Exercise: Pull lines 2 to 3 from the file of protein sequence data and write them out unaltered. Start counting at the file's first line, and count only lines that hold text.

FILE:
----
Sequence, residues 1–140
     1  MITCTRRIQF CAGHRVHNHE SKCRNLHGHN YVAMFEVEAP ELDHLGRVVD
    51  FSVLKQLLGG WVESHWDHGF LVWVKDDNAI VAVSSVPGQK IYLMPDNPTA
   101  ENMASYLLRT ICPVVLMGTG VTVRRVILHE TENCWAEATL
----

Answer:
     1  MITCTRRIQF CAGHRVHNHE SKCRNLHGHN YVAMFEVEAP ELDHLGRVVD
    51  FSVLKQLLGG WVESHWDHGF LVWVKDDNAI VAVSSVPGQK IYLMPDNPTA